Willison did a live example with an audience member who reads the Jack Reacher books by Lee Child, finding out the appeal factors, making a “wrong” recommendation (a series of books that matched in character and content, but differed in tone). This can be done for music and movies as well as for books, and that’s where cross-format recommendations come in. See, for example, NPR’s Read, Watch, Binge series (and while you’re at it, check out their incredible Book Concierge tool, which they make annually; here’s 2017). Other resources are Goodreads, Smart Bitches, Trashy Books and The Ripped Bodice (for romance), The Criminal Element and Stop, You’re Killing Me! (for mysteries and thrillers), and the publisher TOR (for sci-fi and fantasy).

Screenshot of @itsokihaveabook and @helgagrace on Twitter

Monday, 11:30am: Sensory Storytime at the Public Library by Babs Wells, Maria Cotto

Shifting gears from adult readers’ advisory to children’s services, I attended two librarians’ joint presentation about sensory storytimes they offer at their libraries. Sensory storytime is geared for kids on the autism spectrum or with other developmental issues, though neurotypical children are welcome. Wells and Cotto strongly encouraged anyone thinking of offering a sensory storytime to use the book Programming for Children and Teens with Autism Spectrum Disorder by Barbara Klipper, and also pointed to an ALSC blog post that serves as a brief how-to guide. It’s important to be aware of community resources as well, to partner with and to spread the word. (If you’re in Rhode Island, Massachusetts, or nearby, check out The Autism Project.)

Wells and Cotto described their usual sensory storytime, starting with registration: not required, but helpful, especially if it gives the librarian a chance to talk with the parent/caregiver beforehand about any special needs their child might have. They might also want a “social story,” a one-page handout that can help prepare the child for a new environment or event; it can be read like a picture book. Once the storytime has begun, it’s helpful to have visuals for everything, to ease transitions from one activity to another (books, bubbles, songs, activities, etc.). Starting with a hello song is a good idea; the librarian learns everyone’s names (parents too!) and can roll a ball to each kid and have them roll it back. Cotto said she always has a felt board or a puppet, and stools or mats for kids to sit on, and things for them to hold in their hands and fidget with. “These kids need something that will capture their attention, they need something in their hands, they like to participate.” She only reads one book, something like Dog’s Colorful Day by Emma Dodd or The Deep Blue Sea by Audrey Wood. “Go with the flow,” she advised – much like toddler storytime. After the organized part of sensory storytime, it’s playtime: they bring out more activities – popsicle sticks with velcro on the ends so kids can make different shapes, sensory sand, water marbles (but not together!), dried beans with little treasures kids can find and scoop into a cup. This can be a time for parents and caregivers to socialize (they shouldn’t be socializing or on phones during storytime; they should be involved. “I get in everyone’s faces!” Cotto said). Be sure to give plenty of warning when the program is wrapping up: five minutes, three, one, goodbye!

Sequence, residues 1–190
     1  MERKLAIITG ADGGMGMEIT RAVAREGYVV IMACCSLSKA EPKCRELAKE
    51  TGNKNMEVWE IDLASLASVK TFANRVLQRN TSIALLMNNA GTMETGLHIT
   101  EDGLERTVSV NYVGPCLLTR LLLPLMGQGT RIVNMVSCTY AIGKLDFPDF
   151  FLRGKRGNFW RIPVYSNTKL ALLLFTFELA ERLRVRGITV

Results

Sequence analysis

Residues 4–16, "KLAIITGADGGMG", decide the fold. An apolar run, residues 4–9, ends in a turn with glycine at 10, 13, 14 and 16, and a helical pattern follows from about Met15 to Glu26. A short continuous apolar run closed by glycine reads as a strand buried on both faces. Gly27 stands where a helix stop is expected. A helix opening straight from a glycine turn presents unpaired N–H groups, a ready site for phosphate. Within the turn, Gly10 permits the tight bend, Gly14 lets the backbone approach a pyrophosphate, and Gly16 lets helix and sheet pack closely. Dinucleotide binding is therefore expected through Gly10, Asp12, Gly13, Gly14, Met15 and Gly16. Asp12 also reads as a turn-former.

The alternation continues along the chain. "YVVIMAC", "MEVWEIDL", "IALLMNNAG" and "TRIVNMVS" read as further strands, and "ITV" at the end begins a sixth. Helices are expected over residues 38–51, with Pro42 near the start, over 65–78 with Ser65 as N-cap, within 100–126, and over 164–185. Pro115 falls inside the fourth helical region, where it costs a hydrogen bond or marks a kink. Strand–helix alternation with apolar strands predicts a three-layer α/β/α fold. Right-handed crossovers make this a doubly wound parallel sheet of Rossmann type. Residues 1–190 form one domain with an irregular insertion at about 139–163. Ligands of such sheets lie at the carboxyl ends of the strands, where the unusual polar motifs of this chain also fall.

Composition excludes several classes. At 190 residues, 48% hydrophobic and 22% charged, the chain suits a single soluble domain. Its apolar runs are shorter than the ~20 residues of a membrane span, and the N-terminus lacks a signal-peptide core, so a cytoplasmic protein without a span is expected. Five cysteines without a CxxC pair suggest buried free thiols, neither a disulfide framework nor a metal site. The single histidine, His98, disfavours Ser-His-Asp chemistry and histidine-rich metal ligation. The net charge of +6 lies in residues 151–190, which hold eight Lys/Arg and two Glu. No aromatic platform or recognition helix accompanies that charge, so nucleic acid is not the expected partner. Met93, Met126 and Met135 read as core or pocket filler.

Lastly, remember: “When you meet one child with autism, you meet one child with autism.”

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Monday, 12:45pm: NERTCL Lunch with author Tracey Baptiste

The New England Roundtable of Teen and Children’s Librarians (NERTCL) had their annual business meeting over lunch and then invited author Tracey Baptiste (The Jumbies, Rise of the Jumbies) to speak. She tried out a new talk on us, “Creativity Under Pressure.” Here are my tweets from the session, which was probably less polished than one she’d given many times, but definitely interesting (and mark your calendars for the third Jumbies book next year!).

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Monday, 2:15pm: Fake News or Real News? Helping Our Patrons Tell Fact from Fake, by Victoria Palmatier and Lisa Lipshires, Springfield City Library

This is a topic I follow closely (See: Fake News a.k.a. Information Disorder reading list | “What is fake news?” informational handout (Creative Commons licensed) | Libraries in a Post-Truth World | Libraries in a Post-Truth World: The Conversation Continues), and the Springfield librarians’ presentation was very good, from their handout (a double-sided folded brochure called “Fake News? Real News? How to Tell Fact From Fake”) to their explanation of how they designed their workshop and what they’d do differently next time. They consulted two librarians and a journalism professor from UMass-Amherst as well as a local journalist, collected lots of resources for checking facts and photos (one I hadn’t heard of before was mediabiasfactcheck.com), suggested browser plug-ins (AdBlockPlus and Privacy Badger), and explained that in addition to checking a source’s bias, it’s necessary to check your own, especially if you’re having a strong emotional reaction to a headline.